Hello, and welcome to my website.  I'm sixty five years old and now reside on the outskirts of Greenville, SC.   I'm a former resident of New York State and retired from government service there as a computer programmer and systems analyst.

While I have a variety of interests, currently my most passionate one is collecting knives, especially those made by Spyderco.  I concentrate primarily on their folders with plain edge blades and front locks.  The pictures here represent the bulk of my collection.

The Spyderco Kiwi, shown on the right in a variety of "flavors" is a particular favorite of mine.   The Kiwi Crossing sign in the photo was a gift from Phil Melhop, a friend and fellow Spyderco collector from New Zealand where the Kiwi is a national symbol.  The Kiwis in this picture are just  part of my Kiwi collection, click HERE to see them all.

I also enjoy visiting many of the knife-related forums on the web. I have learned a lot of very useful information from the folks there, get to share my opinions with others and, on rare occasions, am able to help someone by sharing my limited knowledge.

The views expressed on this website are mine, and mine alone.  I do not represent any company or other interest group on either a formal or informal basis. 

Thanks for coming, I hope you enjoy your visit here.


The photo above was taken at the Spyderco Booth at Blade Show 2008 in Atlanta. With me are Sal, Eric, and Gail Glesser of Spyderco.
If you are wondering my reason for requesting that you BOYCOTT BENCHMADE it is because Benchmade saw fit to disregard Spyderco's trademark on the round opening hole with several models they introduced.   I believe that those who attempt  to justify their continued support for an ethically bankrupt company use arguments that are unsupported by the facts to assuage their consciences and defend their morally reprehensible position. 

Fact: Spyderco's now expired patent was for a depression in the blade of a pocket knife that allowed the thumb to open the blade - the trapezoidal depressions in the C27 Jess Horn fit the patent description just as the round hole opener does. The patent neither required the depression to go all the way through, or precluded it from doing so.  Spyderco's trademark, on the other hand, is for a single specific implementation of the patent, the one they have used on their folding knives, to the exclusion of all other implementations (except the single specific one noted above) since they began producing knives.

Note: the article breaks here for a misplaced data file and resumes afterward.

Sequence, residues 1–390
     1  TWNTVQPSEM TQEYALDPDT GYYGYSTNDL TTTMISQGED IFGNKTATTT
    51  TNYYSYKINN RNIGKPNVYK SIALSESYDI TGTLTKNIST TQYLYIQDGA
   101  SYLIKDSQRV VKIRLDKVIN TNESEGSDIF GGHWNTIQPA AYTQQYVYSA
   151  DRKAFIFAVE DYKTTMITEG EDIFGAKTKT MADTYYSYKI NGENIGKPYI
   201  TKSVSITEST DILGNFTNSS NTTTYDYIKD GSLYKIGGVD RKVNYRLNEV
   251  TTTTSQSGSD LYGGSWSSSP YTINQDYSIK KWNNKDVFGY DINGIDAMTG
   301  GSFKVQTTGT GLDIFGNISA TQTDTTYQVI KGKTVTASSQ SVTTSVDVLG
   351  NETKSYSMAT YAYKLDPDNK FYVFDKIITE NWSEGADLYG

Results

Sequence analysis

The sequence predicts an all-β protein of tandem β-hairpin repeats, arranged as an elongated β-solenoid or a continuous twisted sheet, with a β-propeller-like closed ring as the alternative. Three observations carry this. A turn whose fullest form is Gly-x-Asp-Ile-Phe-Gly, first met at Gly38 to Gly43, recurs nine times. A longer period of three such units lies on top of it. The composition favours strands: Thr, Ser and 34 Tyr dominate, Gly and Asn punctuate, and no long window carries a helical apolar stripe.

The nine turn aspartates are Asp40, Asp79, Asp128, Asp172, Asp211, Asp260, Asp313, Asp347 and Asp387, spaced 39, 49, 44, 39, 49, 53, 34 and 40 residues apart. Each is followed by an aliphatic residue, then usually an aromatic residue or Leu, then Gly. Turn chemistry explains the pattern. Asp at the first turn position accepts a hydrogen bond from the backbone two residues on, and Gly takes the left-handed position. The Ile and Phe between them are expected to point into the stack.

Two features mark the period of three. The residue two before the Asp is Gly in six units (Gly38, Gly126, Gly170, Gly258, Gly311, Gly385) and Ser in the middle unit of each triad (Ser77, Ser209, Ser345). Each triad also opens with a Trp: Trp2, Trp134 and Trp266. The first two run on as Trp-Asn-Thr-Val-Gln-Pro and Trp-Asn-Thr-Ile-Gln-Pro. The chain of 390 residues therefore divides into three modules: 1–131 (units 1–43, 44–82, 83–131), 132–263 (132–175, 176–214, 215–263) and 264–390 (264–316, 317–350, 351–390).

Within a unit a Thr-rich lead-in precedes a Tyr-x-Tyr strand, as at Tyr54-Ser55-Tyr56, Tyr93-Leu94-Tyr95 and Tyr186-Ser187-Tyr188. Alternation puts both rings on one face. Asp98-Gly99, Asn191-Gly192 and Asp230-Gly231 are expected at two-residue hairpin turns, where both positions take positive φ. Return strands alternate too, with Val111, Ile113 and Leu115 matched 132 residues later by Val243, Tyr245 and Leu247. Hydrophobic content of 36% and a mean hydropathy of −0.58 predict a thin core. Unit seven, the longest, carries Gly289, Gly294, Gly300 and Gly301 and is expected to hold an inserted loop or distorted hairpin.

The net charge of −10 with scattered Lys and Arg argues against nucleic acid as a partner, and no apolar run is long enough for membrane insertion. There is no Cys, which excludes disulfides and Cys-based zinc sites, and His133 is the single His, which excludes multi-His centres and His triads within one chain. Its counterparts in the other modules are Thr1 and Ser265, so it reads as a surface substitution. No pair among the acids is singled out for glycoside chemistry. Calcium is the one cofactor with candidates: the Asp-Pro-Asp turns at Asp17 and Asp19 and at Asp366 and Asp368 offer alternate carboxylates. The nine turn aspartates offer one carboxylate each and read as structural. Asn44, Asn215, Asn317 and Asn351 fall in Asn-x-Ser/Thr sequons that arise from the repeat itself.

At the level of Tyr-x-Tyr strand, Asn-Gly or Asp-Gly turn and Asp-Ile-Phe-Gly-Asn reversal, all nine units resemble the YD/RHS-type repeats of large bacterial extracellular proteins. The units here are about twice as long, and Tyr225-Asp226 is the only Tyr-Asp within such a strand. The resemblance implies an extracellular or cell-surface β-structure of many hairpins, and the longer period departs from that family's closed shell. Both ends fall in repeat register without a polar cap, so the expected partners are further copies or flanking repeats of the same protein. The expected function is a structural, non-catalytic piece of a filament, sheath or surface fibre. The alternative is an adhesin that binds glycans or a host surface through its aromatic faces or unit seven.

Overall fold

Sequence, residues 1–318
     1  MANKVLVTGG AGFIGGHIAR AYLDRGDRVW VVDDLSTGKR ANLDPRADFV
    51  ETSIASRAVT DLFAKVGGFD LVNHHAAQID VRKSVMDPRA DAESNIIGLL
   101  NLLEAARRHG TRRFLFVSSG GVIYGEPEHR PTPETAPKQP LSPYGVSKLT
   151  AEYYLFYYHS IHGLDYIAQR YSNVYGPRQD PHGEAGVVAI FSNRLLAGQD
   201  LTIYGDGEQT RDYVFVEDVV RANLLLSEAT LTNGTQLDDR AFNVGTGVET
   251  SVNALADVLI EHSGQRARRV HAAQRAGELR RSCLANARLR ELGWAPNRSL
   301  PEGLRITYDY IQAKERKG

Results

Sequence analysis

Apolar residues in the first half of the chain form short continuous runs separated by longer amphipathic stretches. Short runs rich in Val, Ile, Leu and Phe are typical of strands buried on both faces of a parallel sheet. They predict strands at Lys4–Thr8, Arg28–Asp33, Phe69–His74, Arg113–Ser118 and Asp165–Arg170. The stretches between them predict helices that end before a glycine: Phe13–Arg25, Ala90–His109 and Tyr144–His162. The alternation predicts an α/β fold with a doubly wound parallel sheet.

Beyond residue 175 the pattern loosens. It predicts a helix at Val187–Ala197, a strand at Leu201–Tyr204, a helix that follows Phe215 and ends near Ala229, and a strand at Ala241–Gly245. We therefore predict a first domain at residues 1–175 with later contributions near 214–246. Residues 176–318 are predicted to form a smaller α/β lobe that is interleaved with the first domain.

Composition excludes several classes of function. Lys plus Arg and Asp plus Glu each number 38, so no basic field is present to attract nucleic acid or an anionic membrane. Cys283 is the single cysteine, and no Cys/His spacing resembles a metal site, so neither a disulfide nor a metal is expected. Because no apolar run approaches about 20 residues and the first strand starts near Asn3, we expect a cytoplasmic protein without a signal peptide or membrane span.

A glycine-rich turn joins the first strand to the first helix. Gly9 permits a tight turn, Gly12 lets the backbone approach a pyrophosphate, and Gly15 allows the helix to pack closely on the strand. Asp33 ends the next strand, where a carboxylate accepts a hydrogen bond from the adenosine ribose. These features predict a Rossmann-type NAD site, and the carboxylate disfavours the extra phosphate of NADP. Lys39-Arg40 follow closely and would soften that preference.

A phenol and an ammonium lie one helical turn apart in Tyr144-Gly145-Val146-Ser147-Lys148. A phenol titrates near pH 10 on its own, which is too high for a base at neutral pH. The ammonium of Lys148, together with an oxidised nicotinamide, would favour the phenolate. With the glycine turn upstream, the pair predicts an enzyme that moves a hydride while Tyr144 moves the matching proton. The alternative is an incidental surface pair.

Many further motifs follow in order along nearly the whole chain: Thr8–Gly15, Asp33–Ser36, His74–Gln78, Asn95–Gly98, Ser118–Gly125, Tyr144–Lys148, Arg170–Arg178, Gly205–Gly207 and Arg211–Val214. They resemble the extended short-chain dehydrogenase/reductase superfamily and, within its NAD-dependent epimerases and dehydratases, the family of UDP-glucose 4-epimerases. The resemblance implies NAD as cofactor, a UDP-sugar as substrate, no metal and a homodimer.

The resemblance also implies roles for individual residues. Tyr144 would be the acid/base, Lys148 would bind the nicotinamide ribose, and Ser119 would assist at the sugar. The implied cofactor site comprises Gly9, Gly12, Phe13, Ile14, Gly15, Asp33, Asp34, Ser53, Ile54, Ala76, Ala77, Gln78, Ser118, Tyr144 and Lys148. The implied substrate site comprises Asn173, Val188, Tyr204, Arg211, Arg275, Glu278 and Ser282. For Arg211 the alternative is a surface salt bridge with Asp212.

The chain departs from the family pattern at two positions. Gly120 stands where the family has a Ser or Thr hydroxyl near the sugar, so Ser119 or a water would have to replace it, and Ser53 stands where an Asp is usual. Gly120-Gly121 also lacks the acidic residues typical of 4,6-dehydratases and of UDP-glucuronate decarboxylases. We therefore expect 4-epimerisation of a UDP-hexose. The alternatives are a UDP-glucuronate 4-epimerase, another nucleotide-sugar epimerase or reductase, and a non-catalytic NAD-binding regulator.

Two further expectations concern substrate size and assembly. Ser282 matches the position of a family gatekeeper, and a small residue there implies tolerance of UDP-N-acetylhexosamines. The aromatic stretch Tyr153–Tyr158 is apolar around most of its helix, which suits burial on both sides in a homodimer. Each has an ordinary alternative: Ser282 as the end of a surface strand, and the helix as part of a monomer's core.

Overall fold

Fact: As mentioned above, the round hole opening device has been used as the opening device on every FOLDING knife except one that has been marketed under the Spyderco label from their first, the C01 Worker to their latest release. The sole exception was the C27 Jess Horn.  It has therefore become, to many people, the most certain way of identifying a folding knife as a Spyderco, since it is always visible, from either side, whether the knife is open or closed. 

Fact: A company's use of a trademark on one distinct group of products (in this instance folding knives) and their non-use of it on other distinct product groups (fixed blade knives, kitchen sharps, sharpeners) does not impact the legitimacy of the trademark.

Fact: Companies are allowed to have more than one trademark, so the existence of other Spyderco trademarks, such as the "bug", does not does not impact the legitimacy of the round hole opener as a trademark.

Fact: Functional features CAN be given trademark protection, as long as the functionality of the trademarked feature does not confer a functional advantage over other implementations of the feature.  As an example, paint on a vehicle serves a functional purpose, but John Deere has a trademark on a specific color of green.

Fact: Other knife manufacturers, including Benchmade, who have used oval and other shaped opening holes have asserted, and continue to assert in their advertising that their opening hole is superior to the round one. By that assertion, they have eliminated the argument that the round hole opener has a functional advantage over other shaped holes.  The fact that ANY hole opener of reasonable size, regardless of shape, has a functional advantage over thumb studs, disks, nail nicks, etc. is beside the point, since there are myriad ways to implement the functionality (hole opener) without violating the trademark by making it round.

Fact: Companies are allowed to license the use of their trademark to others, but such license always includes the provision that the trademark be acknowledged when it is used.  An example of this would be the Boker 2006 Annual Knife, with its damascus blade and Spyderhole opener.

Fact: "Agreements" made after the fact may decriminalize a person or company's behavior, but they do not make it moral or ethical.



On the knife related forums I am known as "The Deacon".  This forum nickname, and the avatar that sometimes goes with it, are carryovers from my days of playing pinochle obsessively online and are derived from the artwork shown above.  It is a type of painting known as "Nose Art" and this particular example graced the engine cowling of a U.S.A.F. P-47C Thunderbolt that was based in Great Britain during World War II.  The pilot was both lucky and skillful enough that both he and his aircraft survived the war.  Sadly, the plane did not fare so well in peacetime and, like so many of its sisters, fell victim to the scrapper's torch.  Thankfully, the artist who painted it, a gentleman named Don Allen, saved copies of this, and many other examples of his work and recreated them for the AMC Museum in Delaware.


Questions? Comments? Suggestions?  You can email: paul@paulberetta.com


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Last Revised July 8, 2011